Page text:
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The Water Giants Of Australia: Why They Do What They Do?

Did you ever stop to think why whales blow water out of their nose or splash their tail against the surface of the water? They are trying to tell you something by through such behaviour. Let's take a look.
Did you know there are more than 45 species of whales, dolphins, and porpoises in Australia alone? More astonishing is the fact that 60% of the world’s whale population whales can be found in Australian waters.

If you are an Australian, we can bet you must have visited the docks at least once during the whale watching season. Whale watching is one of the most requested water sports activity and brings hundred and thousands of whale watchers to the beautiful waters each year. However, not many of the travellers know about the different behaviours of whales and what they signify.
Water Giants Of Australia
In this article, we shall take a look at a few most common behaviours they depict so that when you go on your next whale watching trip, you know what they are signalling.

Lobtailing or tail or fin slapping

This occurs when whales lift their tails, fluke them out of the water, and then bang them against the water fast and hard, making a loud splash. The behaviour is associated with communication, scaring potential attackers, or showing aggression.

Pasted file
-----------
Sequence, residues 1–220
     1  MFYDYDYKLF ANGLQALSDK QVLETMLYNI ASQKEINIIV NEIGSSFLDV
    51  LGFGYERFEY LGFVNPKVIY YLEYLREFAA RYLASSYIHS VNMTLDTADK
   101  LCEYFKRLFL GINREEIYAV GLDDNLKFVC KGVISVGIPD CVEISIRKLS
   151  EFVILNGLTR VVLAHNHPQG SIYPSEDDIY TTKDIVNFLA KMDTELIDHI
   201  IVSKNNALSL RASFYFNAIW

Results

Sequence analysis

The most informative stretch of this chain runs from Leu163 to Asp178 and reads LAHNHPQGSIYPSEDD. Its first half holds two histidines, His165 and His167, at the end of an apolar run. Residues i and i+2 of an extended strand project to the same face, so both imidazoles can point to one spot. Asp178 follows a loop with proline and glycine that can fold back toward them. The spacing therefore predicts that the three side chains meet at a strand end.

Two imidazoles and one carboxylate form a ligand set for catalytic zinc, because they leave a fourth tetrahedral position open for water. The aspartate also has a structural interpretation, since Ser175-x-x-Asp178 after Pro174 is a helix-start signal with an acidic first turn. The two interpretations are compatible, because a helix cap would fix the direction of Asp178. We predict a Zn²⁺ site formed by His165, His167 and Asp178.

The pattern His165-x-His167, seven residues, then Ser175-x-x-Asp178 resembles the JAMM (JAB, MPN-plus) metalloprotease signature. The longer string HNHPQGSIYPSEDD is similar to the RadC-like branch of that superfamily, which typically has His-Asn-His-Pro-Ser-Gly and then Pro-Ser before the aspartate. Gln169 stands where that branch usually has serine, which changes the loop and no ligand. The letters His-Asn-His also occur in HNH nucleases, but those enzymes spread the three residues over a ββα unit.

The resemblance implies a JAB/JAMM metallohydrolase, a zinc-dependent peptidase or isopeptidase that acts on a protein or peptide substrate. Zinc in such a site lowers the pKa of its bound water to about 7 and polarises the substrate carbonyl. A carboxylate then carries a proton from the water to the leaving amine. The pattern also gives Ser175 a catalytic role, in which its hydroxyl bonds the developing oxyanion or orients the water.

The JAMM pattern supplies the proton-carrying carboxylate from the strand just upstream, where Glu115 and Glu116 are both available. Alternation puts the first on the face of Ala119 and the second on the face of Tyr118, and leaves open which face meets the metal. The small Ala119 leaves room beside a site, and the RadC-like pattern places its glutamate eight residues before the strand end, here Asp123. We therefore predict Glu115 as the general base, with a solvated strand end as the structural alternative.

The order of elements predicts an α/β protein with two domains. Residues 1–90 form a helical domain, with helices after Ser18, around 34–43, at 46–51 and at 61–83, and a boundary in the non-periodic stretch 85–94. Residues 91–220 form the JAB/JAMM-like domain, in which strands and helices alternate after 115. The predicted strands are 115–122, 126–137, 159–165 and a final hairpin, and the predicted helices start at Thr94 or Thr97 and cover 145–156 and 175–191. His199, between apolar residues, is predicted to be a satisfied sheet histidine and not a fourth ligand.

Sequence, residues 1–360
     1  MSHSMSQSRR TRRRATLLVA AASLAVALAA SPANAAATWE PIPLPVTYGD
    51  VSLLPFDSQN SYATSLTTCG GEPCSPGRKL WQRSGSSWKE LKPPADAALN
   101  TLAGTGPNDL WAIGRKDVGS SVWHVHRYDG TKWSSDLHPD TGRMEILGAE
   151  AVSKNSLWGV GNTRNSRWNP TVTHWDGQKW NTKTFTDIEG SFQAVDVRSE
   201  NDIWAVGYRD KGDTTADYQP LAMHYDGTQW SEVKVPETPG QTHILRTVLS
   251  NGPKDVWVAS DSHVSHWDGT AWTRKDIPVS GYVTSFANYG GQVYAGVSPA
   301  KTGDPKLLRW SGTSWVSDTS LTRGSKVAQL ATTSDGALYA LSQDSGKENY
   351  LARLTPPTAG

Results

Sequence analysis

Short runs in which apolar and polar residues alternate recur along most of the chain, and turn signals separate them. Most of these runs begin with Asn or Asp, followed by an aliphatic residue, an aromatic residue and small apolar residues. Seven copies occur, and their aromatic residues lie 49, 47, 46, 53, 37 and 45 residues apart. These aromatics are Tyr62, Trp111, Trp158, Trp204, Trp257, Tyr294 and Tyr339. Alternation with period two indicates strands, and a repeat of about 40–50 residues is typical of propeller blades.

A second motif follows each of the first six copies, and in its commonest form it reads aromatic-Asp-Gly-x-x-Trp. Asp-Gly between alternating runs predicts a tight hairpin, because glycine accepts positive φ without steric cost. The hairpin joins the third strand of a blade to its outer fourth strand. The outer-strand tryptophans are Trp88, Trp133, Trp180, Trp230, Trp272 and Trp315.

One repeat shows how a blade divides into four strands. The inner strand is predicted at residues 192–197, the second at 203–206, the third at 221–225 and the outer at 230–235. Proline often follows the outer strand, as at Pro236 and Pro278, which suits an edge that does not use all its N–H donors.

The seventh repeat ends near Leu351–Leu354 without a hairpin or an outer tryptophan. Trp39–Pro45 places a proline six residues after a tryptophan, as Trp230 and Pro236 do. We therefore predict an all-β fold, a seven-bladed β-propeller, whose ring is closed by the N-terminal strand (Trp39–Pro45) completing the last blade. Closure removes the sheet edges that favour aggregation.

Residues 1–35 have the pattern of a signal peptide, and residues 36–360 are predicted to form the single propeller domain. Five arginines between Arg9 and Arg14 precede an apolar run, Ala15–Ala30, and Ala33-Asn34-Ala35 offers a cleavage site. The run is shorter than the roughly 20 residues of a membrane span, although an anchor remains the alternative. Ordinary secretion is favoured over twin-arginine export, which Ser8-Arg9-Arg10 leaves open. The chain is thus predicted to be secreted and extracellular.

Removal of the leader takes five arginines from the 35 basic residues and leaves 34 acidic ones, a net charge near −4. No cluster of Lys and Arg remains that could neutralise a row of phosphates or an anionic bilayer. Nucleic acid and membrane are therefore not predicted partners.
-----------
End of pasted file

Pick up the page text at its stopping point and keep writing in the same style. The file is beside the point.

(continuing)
The act of breaching involves the complete emerging of the whale from the water. During the act, the whole or almost whole of the whale’s body leaves the water. The activity often observed in humpback whales. Researchers believe it can mean a number of different things such as warding off males, attracting other whales, or trying to communicate amongst themselves.


Blowing water out of their nostrils allow them to excrete any mucus or water vapours from their body. Different species of whales have different blows.


Spy hopping refers to the behaviour in which a whale vertically lifts off its head above the waters tol her eyes. Many experts believe that whales do that to see above the waters for any unanticipated danger. They mostly do it when they hear an unfamiliar sound such as that of a boat. So yes, you can say that they look up to see you watching them.

Where to Spot One?

Now that we have learned about the many behaviours and why they do it, we can’t leave you without letting you know where to spot some when vacationing in Australia. If you plan to visit soon, you will be delighted to know that the upcoming whale season is about to begin. Whales can be spotted from May to November of each year as the water giants head out to breed and eat. Some of the places perfect for a whale sighting include:
  • Eden, NSW
  • Albany, WA
  • Exmouth, WA
  • Hervey Bay, QLD
  • Warnambool, VIC
  • Whitsundays, QLD
  • Bruny Island, TAS
  • Port Stephens, NSW
  • Victor Harbour, SA
So are you all set for an experience of a lifetime?

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Any facts, figures or references stated here are made by the author & don't reflect the endorsement of iU at all times unless otherwise drafted by official staff at iU. This article was first published here on 10th May 2017.

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